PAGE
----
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127 Hours -- Movie Review

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Slumdog Millionaire was nominated for 10 Oscar Awards, winning 8 of them, including Best Picture and Best Director for Danny Boyle. 127 Hours probably won’t be nominated for that many awards, nor will it nab any of the top honours; in spite of this, it’s a much better film than Slumdog...

My problem with that film was how contrived the plot was; I mean what are the chances that every single question this kid has to answer on a game show represents his life in a perfectly chronological order? The final question relating to the three musketeers was as predictable as the sun rising in the morning. 127 Hours, however, follows a true story, and though the majority of the viewers will know exactly how it’s going to end, the journey will be worth it. When reading about a significant event, either in the news, or a book recounting the ordeal, most directors of Boyle’s calibre will see it as a film; they’ll picture in their head how they would make every little scene drip drama, suspense, and Aron Rolston’s biography ‘Between a Rock and a Hard Place’ was a story Boyle had been dreaming of telling for 4 years.

127 Hours is an amazing film. It doesn’t require an extensive, complex overlapping plot. All it needed was a competent director, a star, and a crew dedicated in bringing Ralston’s tale to our attention. It’s exactly what we get. Unless you’ve been living under a rock for the past couple of months (no pun intended), you’ll know the story of Mr. Rolston. He was a daring mountain climber, who in 2003, travelled to Blue John Canyon in Utah. Why? That doesn’t matter – it’s a hobby. Maybe he likes the release, the sense of freedom. I imagine that’s why anyone who climbs up, and jumps over large crevices without any safety ropes, do what they do. He neglects to tell anyone where he’s going. Long story short, he falls, trapping his right arm underneath a large boulder. He endures 5 days at the bottom of a large canyon, with little sunlight, little water, little to do, and little hope. On the fifth day, he makes the decision to amputate his right arm with a multi-purpose tool. A tiny, inefficient excuse for a blade, he cuts through his own flesh and bone, and escapes, losing more and more blood, before being found wandering through the dusty canyons, and choppered to immediate aid. I do love a happy ending.

It won’t be for everybody; many viewers will be turned off by the lack of movement for what Boyle describes as an ‘action movie with no movement’. The amputation scene is incredibly visual and visceral. Even those hardcore gore fans who sit through the torturous, despairing displays that are the latest additions to the Saw franchise, will have a difficult time preventing that quick glance away as Aron begins to cut through his own veins. Though most know this scene will be coming (as the obvious talking point), the film cleverly adds ominous overtones forewarning us of it’s inevitable arrival, beginning with a shot of Aron reaching around for his penknife before leaving on his journey, but his reaching fingertips fail to make contact. I confess to feeling a bit queasy afterwards, because the film did its job. The gritty, bloody imagery of a man pulling away from the jagged remains of his own forearm will do that to you though. It seemed ridiculously real, and as a film portraying real-life event, it was bang on the money.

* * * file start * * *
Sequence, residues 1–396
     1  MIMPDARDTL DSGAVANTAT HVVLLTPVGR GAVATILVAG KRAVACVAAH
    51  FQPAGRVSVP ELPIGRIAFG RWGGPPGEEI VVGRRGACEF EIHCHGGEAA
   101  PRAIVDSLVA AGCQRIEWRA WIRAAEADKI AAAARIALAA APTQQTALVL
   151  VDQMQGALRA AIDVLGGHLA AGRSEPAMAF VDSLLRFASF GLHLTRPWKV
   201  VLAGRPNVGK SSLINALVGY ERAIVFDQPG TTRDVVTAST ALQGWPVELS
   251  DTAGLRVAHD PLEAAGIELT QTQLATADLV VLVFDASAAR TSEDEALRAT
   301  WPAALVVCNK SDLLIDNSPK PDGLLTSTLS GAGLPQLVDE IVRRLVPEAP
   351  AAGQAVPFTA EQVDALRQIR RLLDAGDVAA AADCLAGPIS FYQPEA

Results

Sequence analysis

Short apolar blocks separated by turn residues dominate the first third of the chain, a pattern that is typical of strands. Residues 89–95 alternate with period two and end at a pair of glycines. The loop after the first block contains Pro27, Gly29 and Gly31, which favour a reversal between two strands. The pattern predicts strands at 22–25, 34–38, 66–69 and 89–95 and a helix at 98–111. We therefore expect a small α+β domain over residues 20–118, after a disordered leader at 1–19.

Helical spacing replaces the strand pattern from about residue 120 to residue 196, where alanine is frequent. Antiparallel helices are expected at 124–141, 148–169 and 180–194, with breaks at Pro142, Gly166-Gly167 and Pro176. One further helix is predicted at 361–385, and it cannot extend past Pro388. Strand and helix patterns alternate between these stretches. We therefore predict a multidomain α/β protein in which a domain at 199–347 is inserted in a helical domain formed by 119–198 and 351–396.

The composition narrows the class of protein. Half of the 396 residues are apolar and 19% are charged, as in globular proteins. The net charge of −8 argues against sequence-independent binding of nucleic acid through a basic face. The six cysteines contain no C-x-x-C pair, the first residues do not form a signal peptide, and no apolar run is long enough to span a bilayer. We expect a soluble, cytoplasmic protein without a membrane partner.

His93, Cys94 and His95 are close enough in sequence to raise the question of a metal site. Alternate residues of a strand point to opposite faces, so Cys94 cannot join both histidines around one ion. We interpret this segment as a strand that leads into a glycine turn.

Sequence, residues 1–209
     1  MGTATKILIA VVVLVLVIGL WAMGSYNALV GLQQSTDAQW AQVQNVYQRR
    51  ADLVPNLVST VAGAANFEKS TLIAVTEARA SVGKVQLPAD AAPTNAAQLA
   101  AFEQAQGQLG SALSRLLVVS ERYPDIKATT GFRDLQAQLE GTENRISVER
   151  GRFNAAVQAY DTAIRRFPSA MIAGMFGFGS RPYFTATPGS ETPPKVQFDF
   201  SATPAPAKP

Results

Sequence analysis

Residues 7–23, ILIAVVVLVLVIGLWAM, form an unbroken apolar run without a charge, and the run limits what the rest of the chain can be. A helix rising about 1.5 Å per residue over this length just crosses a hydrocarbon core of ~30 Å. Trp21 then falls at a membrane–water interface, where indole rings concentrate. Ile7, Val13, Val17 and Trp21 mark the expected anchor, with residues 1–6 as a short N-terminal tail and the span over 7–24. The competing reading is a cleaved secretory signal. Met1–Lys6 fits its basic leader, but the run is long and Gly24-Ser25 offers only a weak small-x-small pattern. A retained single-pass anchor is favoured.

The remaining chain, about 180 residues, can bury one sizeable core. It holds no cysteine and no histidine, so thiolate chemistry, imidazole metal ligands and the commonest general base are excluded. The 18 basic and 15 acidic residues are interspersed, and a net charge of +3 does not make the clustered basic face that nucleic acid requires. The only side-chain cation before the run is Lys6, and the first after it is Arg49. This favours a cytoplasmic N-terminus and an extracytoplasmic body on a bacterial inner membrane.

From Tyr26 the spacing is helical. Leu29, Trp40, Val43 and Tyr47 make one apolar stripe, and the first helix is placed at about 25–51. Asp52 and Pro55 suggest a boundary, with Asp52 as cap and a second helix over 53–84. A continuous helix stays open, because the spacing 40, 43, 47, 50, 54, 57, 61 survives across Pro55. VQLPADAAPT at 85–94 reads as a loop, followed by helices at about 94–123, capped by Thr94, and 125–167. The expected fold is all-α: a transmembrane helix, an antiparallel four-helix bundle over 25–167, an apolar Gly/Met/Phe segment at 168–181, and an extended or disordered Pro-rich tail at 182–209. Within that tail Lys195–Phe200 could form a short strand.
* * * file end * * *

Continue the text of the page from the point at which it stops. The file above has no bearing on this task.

Boyle directs this movie with his usual creative exuberance – the film is stylishly made, cutting back and forth with Aron’s past which represents the hallucinations he continues to experience at the bottom of the cold canyon, he sees his family, wishing he could speak to them one more time, telling them how much he cares for them and how much he wishes he could have a second chance with the woman he loves. The kinetic energy the film exudes is impressive, and it’s hard to keep your eyes off it. It’s cinematography is stunning, craftily juxtaposing the harsh, depressing reality of Aron’s situation with the beautiful, vast scene of nature.

Aron is played by James Franco (The Pineapple Express, Spiderman), an actor who has proved himself as an adept actor, earning a Golden Globe for his hilariously charming role in Pineapple Express, and I tell you now, he’s guaranteed to go one further with 127 Hours, and a great chance of bringing home the gold – ultimately, if Colin Firth hadn’t agreed to star in The King’s Speech, Franco would be favourite – but whatever the outcome, the young actor has a great future. His performance here is exceptional. Portraying Rolston as a confident, knowledgeable, and resourceful man, he expertly guides the audience through the film with the way he engages us, and makes him feel for us so that by the end, the emotional outcome really kicks in.

It’s a wonderful story of determination, fighting for survival and hope; it’s beautifully made by Boyle who once again manages to achieve great success by changing genre, and meeting and breaking conventions. It’s definitely worth your time at the cinema, and features a great performance from Franco, flawless cinematography and great input from A. R. Rahman with the movie’s turbulent score (the best thing about Slumdog...) and is a real treat to watch on the big screen. I’d recommend you don’t view on a full stomach though. It won’t end well.


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